There's something really wrong with bad translation practices when they start getting picked up by international news. In English, from The Telegraph. In French, from Le Nouvel Obs. These are the terrible conditions that translators for the major European languages had to endure and agree to in order to translate Dan Brown's latest work, Inferno. From February 15 to April 5, they worked 12 hours per day, 7 days per week, in an underground bunker, with limited Internet access, no way to take notes on their work, and no copy of the final product they delivered at the end.
All in the name of making sure that no spoilers were leaked.
This is madness, I tell you. But this isn't the first time such conditions have been imposed on translators. Another high-profile example came with JK Rowling's work, both the later Harry Potter books and her new one, The Casual Vacancy. In all these cases (and, sadly, many more), translators are forced to work too quickly and under too many limitations for, generally, too little money.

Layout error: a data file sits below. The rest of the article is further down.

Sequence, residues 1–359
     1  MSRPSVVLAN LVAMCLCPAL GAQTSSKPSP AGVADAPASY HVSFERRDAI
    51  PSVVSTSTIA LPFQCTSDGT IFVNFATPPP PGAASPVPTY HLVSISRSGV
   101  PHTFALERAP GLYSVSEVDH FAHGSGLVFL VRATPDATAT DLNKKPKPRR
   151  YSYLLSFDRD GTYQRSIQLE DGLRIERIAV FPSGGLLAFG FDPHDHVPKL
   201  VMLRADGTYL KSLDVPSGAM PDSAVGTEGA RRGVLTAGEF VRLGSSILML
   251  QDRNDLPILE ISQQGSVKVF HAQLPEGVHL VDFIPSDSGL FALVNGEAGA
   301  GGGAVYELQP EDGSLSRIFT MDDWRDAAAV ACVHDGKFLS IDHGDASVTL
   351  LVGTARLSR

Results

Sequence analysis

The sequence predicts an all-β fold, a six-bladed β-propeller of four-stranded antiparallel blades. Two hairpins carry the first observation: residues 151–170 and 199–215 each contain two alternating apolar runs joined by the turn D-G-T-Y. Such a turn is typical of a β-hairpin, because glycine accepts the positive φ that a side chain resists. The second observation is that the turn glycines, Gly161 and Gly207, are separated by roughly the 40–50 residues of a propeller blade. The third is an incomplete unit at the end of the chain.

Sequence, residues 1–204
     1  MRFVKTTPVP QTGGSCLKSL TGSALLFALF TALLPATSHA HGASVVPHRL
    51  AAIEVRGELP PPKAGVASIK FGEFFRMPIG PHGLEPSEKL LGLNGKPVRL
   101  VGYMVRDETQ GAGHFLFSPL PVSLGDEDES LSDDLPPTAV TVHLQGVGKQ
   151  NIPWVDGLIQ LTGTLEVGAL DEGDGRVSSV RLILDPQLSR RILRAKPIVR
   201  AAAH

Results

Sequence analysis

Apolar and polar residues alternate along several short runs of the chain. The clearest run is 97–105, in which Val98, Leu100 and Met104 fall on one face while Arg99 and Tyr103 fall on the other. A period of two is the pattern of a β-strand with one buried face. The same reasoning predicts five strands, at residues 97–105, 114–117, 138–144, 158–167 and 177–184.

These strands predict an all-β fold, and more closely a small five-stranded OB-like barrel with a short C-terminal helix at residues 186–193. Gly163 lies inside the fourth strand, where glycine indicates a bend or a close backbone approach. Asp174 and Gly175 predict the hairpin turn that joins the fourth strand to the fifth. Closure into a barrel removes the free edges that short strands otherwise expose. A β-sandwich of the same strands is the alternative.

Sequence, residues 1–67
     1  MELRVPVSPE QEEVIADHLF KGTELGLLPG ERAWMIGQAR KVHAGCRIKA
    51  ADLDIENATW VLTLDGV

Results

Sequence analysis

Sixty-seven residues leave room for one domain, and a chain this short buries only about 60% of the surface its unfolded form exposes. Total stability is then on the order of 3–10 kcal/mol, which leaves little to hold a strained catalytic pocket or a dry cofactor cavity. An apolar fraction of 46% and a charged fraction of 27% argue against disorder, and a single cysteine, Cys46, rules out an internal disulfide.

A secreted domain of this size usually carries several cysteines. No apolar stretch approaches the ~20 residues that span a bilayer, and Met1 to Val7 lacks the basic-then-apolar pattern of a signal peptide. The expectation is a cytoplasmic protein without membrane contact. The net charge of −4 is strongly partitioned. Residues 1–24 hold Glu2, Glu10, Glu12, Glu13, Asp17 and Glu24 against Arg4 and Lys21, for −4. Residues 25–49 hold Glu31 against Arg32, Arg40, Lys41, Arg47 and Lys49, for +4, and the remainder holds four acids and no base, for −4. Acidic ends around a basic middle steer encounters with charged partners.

Now, all of these situations are horrible, and there is an understandable outcry over the armed guards outside the Italian bunker for the Brown novel, or the sub-minimum-wage pay for translating Rowling. But it is doing some good, one tiny sliver of a silver lining in a darkened, thundering sky. It sparks all of this bad press, which raises awareness and attention about the hundreds and thousands of other terrible contracts that get dumped on translators of every ilk.
So often, people (especially Americans -- we're more guilty than most about this) assume that translation is easy, quick, cheap, something any bilingual person can do. Would you pay your translator the same hourly rate that you pay your lawyer? Or your accountant? No?
Well, those who don't are committing the same sin as sticking translators in a bunker without any outside contact, the same sin as depriving translators of a several-hundred-page text until three weeks (THREE WEEKS!) before their deadline. Translators, whether literary or any other breed, are artists and masters who have honed their craft through hours and days and years of classes, practice, and research. So while these terrible news stories are still terrible, they do serve to bring some of our plight into the limelight. They serve to remind the reading public about how much work goes into translation, and how terrible it is to deprive translators of humane working conditions or a living wage.
But fortunately, it isn't all bad news. Good presses exist: Open Letter, Archipelago, White Pine. Translator and author Lydia Davis just won the Man Booker International fiction prize. Edith Grossman is still writing and fighting for us. All in all, we're doing pretty well, I figure.